In 1991, Senna claimed his third and final F1 World Championship, driving a McLaren-Honda V12 that was inferior to its Williams-Renault rivals. The Brazilian Grand Prix, Senna’s home race, best encapsulated the season’s struggles.

Senna started from pole position and rocketed into the lead, initially fending off Nigel Mansell before his Williams suffered gearbox trouble. As the race wore on, Senna began experiencing shifting trouble, too. He lost fourth gear, followed by third, and then fifth.

As Senna started his final lap, he put the car in sixth gear and left it there. It meant he had no engine braking but at least he was still going and still in the lead.

Ayrton Senna Grand Prix Of Brazil helmet

As if things couldn’t get any worse, it started to rain. And Senna was on slicks.

By the time Senna crossed the line, Riccardo Patrese’s Williams had closed the gap to less to than 3 seconds. Still, Senna claimed a home grand prix win for the first time in his F1 career. Keeping his car straight amid the rain and gearbox issues had sapped so much energy from Senna that he had to be lifted from the cockpit to attend the podium ceremony.

2. Portuguese Grand Prix, 1985

Ayrton Senna Grand Prix Of Portugal racing action vertical
Senna in the Lotus-Renault 97T at the Grand Prix of Portugal, 21 April 1985.

Senna’s first pole position came in only his second race for Lotus. In that era, Lotus was in its dying days as an F1 superpower. On that rainy day in Portugal, driving the iconic black-and-gold John Player Special machine, Senna simply drove away from the opposition.

As with many of his other wet-weather performances, Senna was in his own zip code. By the finish, he was more than a minute ahead of the second-place Ferrari of Michele Alboreto. The rest of the field was a lap down.

Unlike some of Senna’s drives in the wet, this was entirely undramatic. His self-assurance in the treacherous conditions made his rivals look ham-fisted. Yet out of the car, he had the look of a man who had simply done what he’d expected to do all along.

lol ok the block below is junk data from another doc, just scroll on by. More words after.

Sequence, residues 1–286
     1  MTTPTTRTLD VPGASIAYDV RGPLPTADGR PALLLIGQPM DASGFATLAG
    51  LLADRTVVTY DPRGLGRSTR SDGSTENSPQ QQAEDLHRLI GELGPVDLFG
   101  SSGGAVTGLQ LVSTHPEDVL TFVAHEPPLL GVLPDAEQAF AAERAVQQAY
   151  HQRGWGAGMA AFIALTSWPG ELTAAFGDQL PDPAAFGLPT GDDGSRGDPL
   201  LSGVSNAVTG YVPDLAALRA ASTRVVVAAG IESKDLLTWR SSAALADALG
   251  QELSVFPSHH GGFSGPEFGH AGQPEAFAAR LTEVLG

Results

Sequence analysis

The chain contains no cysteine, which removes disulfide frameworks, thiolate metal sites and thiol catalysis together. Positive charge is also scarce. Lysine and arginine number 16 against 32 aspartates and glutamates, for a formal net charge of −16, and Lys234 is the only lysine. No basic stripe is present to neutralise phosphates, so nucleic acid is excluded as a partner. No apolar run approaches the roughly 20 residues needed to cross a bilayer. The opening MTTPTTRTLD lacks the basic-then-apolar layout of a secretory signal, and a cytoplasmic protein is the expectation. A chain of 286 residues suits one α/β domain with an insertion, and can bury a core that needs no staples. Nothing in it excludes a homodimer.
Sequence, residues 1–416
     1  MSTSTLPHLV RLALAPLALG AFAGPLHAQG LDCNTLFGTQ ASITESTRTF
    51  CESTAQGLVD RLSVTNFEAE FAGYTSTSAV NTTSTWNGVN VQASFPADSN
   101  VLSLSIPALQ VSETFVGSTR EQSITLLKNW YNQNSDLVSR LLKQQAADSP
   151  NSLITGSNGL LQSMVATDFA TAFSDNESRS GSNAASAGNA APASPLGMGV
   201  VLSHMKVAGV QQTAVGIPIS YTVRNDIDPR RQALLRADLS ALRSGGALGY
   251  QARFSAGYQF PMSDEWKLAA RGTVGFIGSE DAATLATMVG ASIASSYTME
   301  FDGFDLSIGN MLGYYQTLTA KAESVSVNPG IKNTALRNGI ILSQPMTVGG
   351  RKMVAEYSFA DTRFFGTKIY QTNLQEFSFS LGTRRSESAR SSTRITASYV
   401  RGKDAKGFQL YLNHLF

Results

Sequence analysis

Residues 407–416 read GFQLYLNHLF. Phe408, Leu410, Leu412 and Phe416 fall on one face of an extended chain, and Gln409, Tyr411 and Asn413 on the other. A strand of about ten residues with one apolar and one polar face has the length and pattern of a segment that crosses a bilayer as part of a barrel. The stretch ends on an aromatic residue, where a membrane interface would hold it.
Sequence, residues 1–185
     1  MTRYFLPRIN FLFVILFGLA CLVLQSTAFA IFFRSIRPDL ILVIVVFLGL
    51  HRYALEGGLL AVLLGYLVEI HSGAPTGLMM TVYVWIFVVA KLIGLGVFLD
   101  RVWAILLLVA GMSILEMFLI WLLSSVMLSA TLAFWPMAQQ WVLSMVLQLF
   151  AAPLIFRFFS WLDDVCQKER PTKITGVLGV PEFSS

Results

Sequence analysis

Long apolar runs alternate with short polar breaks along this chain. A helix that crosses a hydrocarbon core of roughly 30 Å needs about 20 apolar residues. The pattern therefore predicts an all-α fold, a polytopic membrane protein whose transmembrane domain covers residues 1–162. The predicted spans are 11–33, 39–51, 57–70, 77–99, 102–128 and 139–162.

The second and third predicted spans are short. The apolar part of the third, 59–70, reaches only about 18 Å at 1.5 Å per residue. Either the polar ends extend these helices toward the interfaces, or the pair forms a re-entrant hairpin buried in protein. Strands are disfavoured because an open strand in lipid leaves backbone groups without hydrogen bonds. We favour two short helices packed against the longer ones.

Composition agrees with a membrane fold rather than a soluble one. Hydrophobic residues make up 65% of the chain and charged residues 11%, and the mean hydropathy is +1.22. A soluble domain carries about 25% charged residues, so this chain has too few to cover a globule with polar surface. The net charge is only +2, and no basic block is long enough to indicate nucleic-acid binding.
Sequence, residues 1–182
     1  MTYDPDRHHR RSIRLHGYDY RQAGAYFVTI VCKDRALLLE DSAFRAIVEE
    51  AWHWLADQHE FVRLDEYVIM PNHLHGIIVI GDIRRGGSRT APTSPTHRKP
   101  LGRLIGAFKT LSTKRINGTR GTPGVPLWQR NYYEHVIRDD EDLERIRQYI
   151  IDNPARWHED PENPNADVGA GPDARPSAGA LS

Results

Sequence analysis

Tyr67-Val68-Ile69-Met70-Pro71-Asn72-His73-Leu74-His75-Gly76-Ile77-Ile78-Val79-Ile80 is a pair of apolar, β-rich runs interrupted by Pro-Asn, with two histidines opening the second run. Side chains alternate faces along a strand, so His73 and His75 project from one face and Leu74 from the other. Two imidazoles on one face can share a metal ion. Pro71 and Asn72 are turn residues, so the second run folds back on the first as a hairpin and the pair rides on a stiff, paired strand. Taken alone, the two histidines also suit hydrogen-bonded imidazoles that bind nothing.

The triumph in Portugal was Senna’s first F1 victory and a bellwether for future rain-soaked heroics.

1. European Grand Prix, 1993

Ayrton Senna Grand Prix Of Europe racing action
Senna in the McLaren-Ford MP4/8 at the Grand Prix of Europe, 11 April 1993.

In 1993, the United Kingdom hosted two Formula 1 Grands Prix. The first race was held at the historic Donington Park. On a soaked track, Senna started fourth in an orange-and-white McLaren MP4/8. Even worse, he momentarily dropped a place after Michael Schumacher muscled him onto a kerb in the first corner of the first lap.

Schumacher’s move ruffled the Brazilian, but Senna quickly dodged round Schumacher’s Benetton to take fourth, then scythed past Karl Wendlinger’s Sauber for third. Damon Hill’s Williams-Renault was Senna’s next victim, followed by its sister car of Alain Prost. Four passes, one mesmerising lap.

It was all the opposition saw of the McLaren man for the rest of the afternoon – unless, of course, he was lapping them. His team changed tyres four times to suit the wet-dry weather, and Senna almost lapped the entire field. The only driver to finish on the same lap was Damon Hill, who finished nearly 2 minutes behind.

It was a performance that made the world’s best drivers on the F1 grid look like complete amateurs.

Did we miss any of your favourites? Let us know in the comments below.